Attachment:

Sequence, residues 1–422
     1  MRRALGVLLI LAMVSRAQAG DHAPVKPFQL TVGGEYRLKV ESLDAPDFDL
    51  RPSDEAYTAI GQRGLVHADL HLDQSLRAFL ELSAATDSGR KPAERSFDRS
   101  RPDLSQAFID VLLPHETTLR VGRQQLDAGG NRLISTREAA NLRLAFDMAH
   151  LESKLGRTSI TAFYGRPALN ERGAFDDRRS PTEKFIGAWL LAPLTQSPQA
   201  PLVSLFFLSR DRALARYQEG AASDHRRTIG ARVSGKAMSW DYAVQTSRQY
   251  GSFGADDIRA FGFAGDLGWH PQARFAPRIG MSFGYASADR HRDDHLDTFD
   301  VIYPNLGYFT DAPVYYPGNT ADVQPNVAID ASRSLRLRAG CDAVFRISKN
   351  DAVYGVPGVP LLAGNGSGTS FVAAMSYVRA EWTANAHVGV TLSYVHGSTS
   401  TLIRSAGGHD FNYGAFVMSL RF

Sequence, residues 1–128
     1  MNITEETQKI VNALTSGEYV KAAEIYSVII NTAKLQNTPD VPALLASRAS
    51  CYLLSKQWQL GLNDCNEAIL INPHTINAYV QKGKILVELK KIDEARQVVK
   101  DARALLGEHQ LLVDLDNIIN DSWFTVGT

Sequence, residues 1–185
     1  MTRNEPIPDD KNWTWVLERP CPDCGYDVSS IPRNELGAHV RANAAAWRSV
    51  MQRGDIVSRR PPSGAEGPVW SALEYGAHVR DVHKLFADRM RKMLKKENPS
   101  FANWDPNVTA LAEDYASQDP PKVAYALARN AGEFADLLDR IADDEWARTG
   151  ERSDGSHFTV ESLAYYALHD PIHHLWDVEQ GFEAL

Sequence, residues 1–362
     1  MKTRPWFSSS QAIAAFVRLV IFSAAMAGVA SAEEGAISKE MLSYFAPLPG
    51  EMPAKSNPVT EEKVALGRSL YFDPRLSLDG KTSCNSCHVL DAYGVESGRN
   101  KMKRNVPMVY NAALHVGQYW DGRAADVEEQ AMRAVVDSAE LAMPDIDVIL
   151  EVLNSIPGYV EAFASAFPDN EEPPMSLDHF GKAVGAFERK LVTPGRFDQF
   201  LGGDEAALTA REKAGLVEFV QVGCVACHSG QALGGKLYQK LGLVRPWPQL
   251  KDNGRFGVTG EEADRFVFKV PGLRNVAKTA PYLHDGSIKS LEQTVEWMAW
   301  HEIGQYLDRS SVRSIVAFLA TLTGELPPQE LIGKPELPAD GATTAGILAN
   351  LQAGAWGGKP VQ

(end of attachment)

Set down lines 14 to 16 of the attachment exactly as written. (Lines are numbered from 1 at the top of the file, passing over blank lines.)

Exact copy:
   101  DARALLGEHQ LLVDLDNIIN DSWFTVGT

Sequence, residues 1–185
     1  MTRNEPIPDD KNWTWVLERP CPDCGYDVSS IPRNELGAHV RANAAAWRSV